Enforcement of Arizona Money Judgment Against Debtor’s Residence “Homestead” Property
Published On: October 29, 2020
Analysis of Enforcement of Money Judgments in Arizona Against a Judgment Debtor’s Residence / “Homestead” Property
By Larry O. Folks (10/26/20) (reprinted with permission of author)
Relevant Background Facts
Judgment Creditor obtained a money judgment (“Judgment”) against Judgment Debtor. The Judgment was recorded with the Maricopa County Recorder (“County Recorder”) prior to the Judgment Debtor having filed for bankruptcy protection and while Judgment Debtor resided in and owned a residence located in Maricopa County (“Residence”).
Judgment Debtor filed a voluntary petition for bankruptcy relief (“Bankruptcy Proceeding”) after the Judgment was recorded with the County Recorder. Judgment Creditor filed an unsecured Proof of Claim based upon the Judgment in the Bankruptcy Proceeding. Judgment Debtor received a Chapter 7 bankruptcy discharge.
Legal Analysis APPLICABLE ARIZONA LAW
The Arizona Court of Appeals’ 2018 decision in Pacific Western Bank v. Castleton, 434 P.3d 1187, 246 Ariz. 108 (AZ App. 2018) includes a comprehensive analysis of a judgment creditor’s rights with respect to collecting upon a recorded money judgment against a judgment debtor’s “homestead property” (residence) under Arizona law. Following are the important bullet point concepts:
The general rule is that a recorded money judgment creates a statutory judgment lien on all real property owned by a judgment debtor in the county where the judgment is recorded.
An exception to the general rule is that a “homestead property” is completely exempt from the statutory judgment lien. The recorded judgment simply is not a lien on the homestead property at all.
Even though the judgment creditor does not have a lien on the “homestead property,” the judgment creditor is given the legal remedy to force a Sheriff’s execution sale of the “homestead property” if there is equity in the property above all consensual liens on the property and the $150,000 homestead exemption amount available to the judgment debtor.
APPLICABLE BANKRUPTCY LAW
The Arizona Bankruptcy Court has considered the issue and determined that “a recorded judgment shall not become a lien upon any homestead property” regardless of the value of the property.2 Therefore, when the Judgment Debtor filed for bankruptcy protection, Judgment Creditor did not hold a judgment
lien upon Judgment Debtor’s Residence. In addition, Judgment Creditor properly filed an unsecured Proof of Claim in Judgment Debtor’s Bankruptcy Proceeding.
The Bankruptcy Court, in In re Rand, describes that, when a Chapter 7 bankruptcy is filed, it is the Chapter 7 trustee’s obligation to sell the “homestead property” and distribute any equity above the consensual liens and $150,000 “homestead exemption” amount and make a general distribution to all creditors. Furthermore, the Arizona Court of Appeals, in Grand Real Estate, Inc. v. Sirignano,3 explained that, when a judgment creditor with a recorded judgment against a “homestead property” has no lien and was not a secured creditor, the debtor’s Chapter 7 discharge released the judgment debtor from personal liability and further enforcement of the judgment is barred.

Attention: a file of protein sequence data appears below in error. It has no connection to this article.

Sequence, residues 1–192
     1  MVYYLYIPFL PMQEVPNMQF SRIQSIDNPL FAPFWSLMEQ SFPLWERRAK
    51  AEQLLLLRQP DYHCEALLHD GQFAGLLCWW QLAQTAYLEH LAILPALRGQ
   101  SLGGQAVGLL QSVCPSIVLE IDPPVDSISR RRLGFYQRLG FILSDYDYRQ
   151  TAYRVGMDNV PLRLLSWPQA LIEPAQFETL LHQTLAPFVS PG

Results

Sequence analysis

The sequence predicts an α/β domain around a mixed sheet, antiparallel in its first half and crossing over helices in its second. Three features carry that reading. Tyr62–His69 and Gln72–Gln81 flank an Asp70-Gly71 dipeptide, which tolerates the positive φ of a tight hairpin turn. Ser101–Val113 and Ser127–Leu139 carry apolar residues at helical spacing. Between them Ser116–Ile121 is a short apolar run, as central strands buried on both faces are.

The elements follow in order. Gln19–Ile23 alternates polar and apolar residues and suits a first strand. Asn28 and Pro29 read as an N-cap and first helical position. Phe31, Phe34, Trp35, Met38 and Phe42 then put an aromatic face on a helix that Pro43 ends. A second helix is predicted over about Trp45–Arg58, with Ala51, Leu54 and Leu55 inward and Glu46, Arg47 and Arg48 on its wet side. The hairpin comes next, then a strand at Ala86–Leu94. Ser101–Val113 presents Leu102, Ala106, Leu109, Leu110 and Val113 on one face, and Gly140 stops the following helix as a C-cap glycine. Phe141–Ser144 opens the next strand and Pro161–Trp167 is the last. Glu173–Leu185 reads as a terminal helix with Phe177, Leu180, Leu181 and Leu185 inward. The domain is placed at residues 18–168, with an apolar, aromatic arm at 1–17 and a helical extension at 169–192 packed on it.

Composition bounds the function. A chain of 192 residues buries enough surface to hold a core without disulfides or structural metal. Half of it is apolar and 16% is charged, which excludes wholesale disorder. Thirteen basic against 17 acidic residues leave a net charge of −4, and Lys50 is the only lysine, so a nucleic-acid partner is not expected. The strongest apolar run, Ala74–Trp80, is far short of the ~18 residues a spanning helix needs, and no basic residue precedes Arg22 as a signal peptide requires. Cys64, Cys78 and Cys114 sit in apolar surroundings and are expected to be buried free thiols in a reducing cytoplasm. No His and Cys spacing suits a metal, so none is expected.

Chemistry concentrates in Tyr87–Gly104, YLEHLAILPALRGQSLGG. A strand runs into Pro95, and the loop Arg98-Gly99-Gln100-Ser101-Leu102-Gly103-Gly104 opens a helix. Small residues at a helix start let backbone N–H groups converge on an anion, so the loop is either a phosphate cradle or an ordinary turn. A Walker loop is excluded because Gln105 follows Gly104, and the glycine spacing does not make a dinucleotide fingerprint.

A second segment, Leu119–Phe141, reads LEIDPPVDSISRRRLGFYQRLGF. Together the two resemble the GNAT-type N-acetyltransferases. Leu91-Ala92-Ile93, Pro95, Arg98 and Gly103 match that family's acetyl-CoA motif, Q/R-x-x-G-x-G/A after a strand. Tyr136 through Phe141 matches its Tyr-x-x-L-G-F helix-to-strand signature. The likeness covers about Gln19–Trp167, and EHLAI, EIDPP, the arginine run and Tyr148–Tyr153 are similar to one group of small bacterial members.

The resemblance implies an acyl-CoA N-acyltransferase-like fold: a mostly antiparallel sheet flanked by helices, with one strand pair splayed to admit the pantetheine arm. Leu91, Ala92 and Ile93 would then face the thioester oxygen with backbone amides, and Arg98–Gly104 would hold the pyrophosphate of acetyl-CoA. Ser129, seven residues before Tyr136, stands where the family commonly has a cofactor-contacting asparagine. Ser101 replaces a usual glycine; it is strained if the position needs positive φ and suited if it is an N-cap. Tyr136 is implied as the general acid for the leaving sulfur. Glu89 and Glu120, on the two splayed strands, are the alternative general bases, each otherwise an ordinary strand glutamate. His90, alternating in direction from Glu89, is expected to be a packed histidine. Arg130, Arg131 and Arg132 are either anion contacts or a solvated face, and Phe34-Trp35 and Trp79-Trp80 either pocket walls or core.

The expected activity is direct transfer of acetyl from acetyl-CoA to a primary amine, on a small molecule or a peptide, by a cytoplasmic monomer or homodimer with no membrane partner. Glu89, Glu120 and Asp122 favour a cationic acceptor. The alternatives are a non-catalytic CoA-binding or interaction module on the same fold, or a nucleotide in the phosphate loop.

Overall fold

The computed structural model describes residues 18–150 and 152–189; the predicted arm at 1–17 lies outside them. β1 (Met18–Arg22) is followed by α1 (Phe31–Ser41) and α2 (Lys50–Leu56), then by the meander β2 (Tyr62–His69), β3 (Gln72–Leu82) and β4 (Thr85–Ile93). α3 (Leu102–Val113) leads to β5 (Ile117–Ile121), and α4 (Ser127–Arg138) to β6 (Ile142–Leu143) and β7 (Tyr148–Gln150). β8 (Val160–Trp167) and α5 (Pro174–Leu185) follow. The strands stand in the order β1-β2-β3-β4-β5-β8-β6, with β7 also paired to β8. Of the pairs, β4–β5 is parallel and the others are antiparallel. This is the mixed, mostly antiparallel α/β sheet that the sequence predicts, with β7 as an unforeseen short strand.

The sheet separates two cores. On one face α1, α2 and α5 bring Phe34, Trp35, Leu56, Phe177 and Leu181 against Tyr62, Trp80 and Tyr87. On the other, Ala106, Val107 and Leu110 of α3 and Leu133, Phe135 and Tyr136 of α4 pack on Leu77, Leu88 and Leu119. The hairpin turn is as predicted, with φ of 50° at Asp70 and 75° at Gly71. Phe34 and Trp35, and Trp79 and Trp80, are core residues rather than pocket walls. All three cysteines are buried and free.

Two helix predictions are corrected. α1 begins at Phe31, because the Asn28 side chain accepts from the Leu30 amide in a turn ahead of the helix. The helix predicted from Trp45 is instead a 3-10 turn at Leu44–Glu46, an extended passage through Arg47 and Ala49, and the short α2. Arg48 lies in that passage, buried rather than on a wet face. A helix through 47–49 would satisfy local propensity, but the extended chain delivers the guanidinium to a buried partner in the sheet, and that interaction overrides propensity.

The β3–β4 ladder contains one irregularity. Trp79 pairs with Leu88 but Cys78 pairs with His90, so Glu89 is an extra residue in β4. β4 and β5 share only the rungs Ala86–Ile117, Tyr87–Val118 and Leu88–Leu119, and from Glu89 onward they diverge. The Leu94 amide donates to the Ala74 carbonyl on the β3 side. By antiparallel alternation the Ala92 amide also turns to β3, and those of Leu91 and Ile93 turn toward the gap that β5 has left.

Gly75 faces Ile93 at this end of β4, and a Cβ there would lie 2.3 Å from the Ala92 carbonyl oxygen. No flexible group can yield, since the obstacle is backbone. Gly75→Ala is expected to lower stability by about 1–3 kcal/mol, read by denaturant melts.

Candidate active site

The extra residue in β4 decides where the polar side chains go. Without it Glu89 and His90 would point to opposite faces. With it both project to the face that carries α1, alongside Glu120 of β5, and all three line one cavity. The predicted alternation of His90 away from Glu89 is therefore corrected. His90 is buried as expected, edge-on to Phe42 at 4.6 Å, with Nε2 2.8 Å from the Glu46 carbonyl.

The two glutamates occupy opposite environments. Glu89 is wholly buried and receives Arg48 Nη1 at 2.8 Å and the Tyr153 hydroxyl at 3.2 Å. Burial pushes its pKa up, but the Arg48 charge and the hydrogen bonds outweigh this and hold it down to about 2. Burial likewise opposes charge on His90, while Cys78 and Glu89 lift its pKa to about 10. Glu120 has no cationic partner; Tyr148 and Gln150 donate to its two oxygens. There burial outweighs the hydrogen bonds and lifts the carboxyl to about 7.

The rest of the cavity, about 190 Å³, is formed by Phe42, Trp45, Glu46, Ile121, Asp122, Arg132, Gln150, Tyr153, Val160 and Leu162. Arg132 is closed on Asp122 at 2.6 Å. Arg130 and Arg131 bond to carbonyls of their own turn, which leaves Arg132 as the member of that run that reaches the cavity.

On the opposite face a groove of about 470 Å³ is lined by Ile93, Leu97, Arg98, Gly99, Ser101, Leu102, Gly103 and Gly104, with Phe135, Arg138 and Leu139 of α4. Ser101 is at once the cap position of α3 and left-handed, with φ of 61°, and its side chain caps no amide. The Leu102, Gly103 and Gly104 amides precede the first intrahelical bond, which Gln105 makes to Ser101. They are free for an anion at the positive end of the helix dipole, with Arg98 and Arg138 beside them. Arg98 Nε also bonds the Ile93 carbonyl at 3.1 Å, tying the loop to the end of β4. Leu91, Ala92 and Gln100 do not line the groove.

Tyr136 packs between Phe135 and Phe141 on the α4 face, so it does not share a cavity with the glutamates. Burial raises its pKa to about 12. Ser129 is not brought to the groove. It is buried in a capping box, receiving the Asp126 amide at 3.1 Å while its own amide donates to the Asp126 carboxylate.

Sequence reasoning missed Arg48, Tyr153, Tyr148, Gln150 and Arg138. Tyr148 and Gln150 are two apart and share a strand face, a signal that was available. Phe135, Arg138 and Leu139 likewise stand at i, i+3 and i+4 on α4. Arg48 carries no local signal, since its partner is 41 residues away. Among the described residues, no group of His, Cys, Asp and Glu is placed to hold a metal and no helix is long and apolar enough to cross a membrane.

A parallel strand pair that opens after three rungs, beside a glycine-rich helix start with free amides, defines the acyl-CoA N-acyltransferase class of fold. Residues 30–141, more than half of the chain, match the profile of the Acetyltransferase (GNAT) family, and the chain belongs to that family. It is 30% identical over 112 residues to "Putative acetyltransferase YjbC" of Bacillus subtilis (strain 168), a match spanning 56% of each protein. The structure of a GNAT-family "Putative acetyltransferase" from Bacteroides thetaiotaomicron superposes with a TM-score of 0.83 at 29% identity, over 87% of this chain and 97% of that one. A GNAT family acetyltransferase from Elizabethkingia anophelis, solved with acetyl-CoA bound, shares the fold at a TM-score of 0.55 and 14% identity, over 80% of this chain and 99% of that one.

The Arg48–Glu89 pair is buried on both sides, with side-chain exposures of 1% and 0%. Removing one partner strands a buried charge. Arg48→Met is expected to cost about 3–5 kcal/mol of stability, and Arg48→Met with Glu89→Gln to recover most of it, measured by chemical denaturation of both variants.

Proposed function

My analysis of the bankruptcy law is that Judgment Creditor was an unsecured creditor when the bankruptcy was filed, its judgment was discharged, and it lost its state law right to force a Sheriff’s sale of the “homestead property” if it has equity after the date of the discharge.
Unfortunately, Judgment Creditor does not have a lien on the Judgment Debtor’s Residence and it cannot force a Sheriff’s sale of the Residence due the bankruptcy discharge.
2 In re Laurine, 2017 WL 2458354 (Bankr. D. Ariz. 2017) citing In re Rand, 400 B.R. 749 (Bankr. D. Ariz. 2008).
3 139 Ariz. 8, 13, 676 P.2d 642,647 (AZ App. 1983)
Over the last thirty, plus years, I have repeatedly heard that some ill-informed title companies require a debtor (someone who filed for and received a bankruptcy discharge), must pay a judgment “because it is recorded on their home”. You can see from Mr. Folks’ article, and several of my articles on this website, that is not an accurate reading of the laws of Arizona. In fact, it is blatantly opposite of the law.
What should you do if faced with this situation? Switch titles companies (call my office for referrals).
Just because someone in power tells you something does not mean they know what they are talking about. Talk to those who have more experience and are looking out for you, not just trying to make their lives easy.
Diane is a well respected Arizona bankruptcy and foreclosure attorney. As a retired law professor, she believes in offering everyone, not just her clients, advice about bankruptcy and Arizona foreclosure laws. Diane is also a mentor to hundreds of Arizona attorneys.
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